I do not want to prejudice the formal investigation that is taking place—making progress on that is the immediate priority. However, I am concerned to ensure that SEPA and ExxonMobil communicate to keep the community updated. I know that a meeting in that regard has been organised and I think that I am right in saying that it will take place in the near future.
If supplementary questions and answers are as quick as possible, I will be able to get them all in.
I note what the cabinet secretary has said. I argue that a comprehensive inquiry should not be ruled out and must remain on the table, as that is what my long-suffering constituents want. If it is the case that the SEPA investigation that has already been launched into the unplanned flaring incident must take its course in the first instance, should it not be expedited, proceed as a matter of urgency and include an examination of the impact on public health, as I have already called on SEPA to do?
As I have said, SEPA’s on-going investigation must be allowed to make progress before any further independent inquiries are considered. As with all such investigations, I encourage swift progress while recognising that the investigation must be thorough and is likely to involve a degree of technical complexity. In the meantime, SEPA is sharing its latest information with the independent air quality review group, Fife Council, NHS Fife and Health Protection Scotland.
There are no clear signs that the plant operators are prepared to make the level of investment that is needed to secure long-term environmental compliance or to meet Scotland’s climate targets. Does the cabinet secretary agree that we need to learn the lessons from Longannet and start planning now for the long-term closure of Mossmorran? Does she see a role for the just transition commission to ensure that no worker is left behind in that transition?
I hope that the Government would always seek to learn long-term lessons. If the just transition commission feels that there is a role to play, it is able to play it. I do not want to add any more, as some of what I could say in response to Mark Ruskell’s question would simply repeat what has already been said.
I know that local tolerance of Mossmorran has plummeted. The life of the plant has already been extended, so if it breaks down this often, how much longer can it last?
That is a technical question that I admit I am not qualified to answer. I expect that SEPA would have the answer, as I will when it has undertaken its investigations, but huge issues are raised by the notion of the closure of a plant such as Mossmorran, as I am sure Willie Rennie understands. They go far beyond the immediate issue that we face.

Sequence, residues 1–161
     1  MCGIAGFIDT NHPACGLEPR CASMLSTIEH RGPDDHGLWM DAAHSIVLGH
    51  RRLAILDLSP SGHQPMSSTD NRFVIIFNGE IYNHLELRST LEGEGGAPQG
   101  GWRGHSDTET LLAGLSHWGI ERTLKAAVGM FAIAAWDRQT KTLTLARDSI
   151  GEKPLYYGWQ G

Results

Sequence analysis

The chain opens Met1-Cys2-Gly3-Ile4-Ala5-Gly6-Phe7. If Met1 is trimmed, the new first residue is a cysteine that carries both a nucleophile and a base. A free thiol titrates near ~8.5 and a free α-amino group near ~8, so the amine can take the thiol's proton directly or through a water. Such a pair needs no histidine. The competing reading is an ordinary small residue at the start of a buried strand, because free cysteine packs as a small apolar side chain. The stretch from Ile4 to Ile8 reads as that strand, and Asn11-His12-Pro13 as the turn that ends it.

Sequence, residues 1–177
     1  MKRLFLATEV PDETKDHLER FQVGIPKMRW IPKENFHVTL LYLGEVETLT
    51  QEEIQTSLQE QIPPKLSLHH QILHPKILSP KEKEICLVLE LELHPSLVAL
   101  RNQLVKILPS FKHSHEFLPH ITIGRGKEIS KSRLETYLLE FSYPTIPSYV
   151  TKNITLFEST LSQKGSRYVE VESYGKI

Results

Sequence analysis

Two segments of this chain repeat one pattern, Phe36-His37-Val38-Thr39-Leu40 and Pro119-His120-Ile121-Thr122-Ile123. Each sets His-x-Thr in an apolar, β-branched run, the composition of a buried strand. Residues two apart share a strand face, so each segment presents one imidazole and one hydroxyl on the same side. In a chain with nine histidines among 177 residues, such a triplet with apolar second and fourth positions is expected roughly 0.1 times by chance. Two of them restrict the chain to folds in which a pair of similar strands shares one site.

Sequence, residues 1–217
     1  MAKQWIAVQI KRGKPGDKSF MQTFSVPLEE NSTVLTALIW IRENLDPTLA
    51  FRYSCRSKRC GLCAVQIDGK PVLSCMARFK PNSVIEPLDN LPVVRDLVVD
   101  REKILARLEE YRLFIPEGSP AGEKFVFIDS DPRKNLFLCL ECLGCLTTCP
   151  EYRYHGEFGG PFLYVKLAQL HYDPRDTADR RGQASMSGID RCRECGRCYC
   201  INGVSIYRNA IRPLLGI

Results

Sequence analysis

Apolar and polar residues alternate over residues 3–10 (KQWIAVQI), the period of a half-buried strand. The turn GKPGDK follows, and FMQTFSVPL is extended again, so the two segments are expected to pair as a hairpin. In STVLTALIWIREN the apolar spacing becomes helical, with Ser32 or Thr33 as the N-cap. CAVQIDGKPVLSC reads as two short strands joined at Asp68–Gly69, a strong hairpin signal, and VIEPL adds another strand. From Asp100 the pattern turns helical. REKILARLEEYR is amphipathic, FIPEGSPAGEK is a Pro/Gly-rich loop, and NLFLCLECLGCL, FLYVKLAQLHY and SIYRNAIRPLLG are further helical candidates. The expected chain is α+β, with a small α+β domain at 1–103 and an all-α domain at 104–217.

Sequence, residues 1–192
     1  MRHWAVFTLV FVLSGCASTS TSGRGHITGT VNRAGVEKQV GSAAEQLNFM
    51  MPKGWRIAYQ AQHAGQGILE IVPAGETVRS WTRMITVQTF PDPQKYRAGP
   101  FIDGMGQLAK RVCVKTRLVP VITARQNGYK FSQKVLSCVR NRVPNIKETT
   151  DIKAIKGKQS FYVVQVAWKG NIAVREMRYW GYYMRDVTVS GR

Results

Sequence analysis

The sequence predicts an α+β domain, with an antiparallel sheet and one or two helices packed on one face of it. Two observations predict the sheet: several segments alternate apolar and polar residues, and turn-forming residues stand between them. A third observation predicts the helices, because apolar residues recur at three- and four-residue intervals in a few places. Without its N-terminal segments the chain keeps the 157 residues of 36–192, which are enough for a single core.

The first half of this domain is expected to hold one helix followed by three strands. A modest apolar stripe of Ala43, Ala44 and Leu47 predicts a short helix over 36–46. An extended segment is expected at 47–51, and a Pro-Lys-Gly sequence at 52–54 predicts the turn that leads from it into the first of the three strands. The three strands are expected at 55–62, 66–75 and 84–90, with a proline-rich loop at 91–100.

To ask the Scottish Government what its response is to reports that levels of wild salmon in Scotland are at their lowest levels since records began. (S5O-03208)
The decline in reported catches of wild salmon is of great concern. We are determined to safeguard the future of this important species, but we recognise that the problem is down to a range of complex factors. We have identified 12 high-level groups of pressures on salmon and, in the international year of the salmon, we will continue to work in Scotland and beyond with our key partners, such as Fisheries Management Scotland, district salmon fishery boards and fishery trusts, to better understand and tackle them all, taking into account affordability and practicality.
Fisheries Management Scotland has called on the Scottish Government to make salmon conservation a national priority. In that context, what specific measures will the Government introduce to ensure that existing man-made pressures on our iconic salmon populations are reduced and new pressures avoided?
We assess the pressures continually and take action. We are already working across a range of projects to address the various pressures on salmon with the key partners that I have already listed and with Scottish Natural Heritage and the Scottish Environment Protection Agency. In March last year, we committed £500,000 to help fund research and projects to better quantify and mitigate the pressures on Scotland’s salmon stocks. In addition, SEPA is leading on work to move or ease redundant barriers in rivers, utilising around £5 million of annual funding from the Scottish Government’s water environment fund. There is no quick fix on this, and action on any single pressure that we have identified is not a panacea that would resolve all the challenges.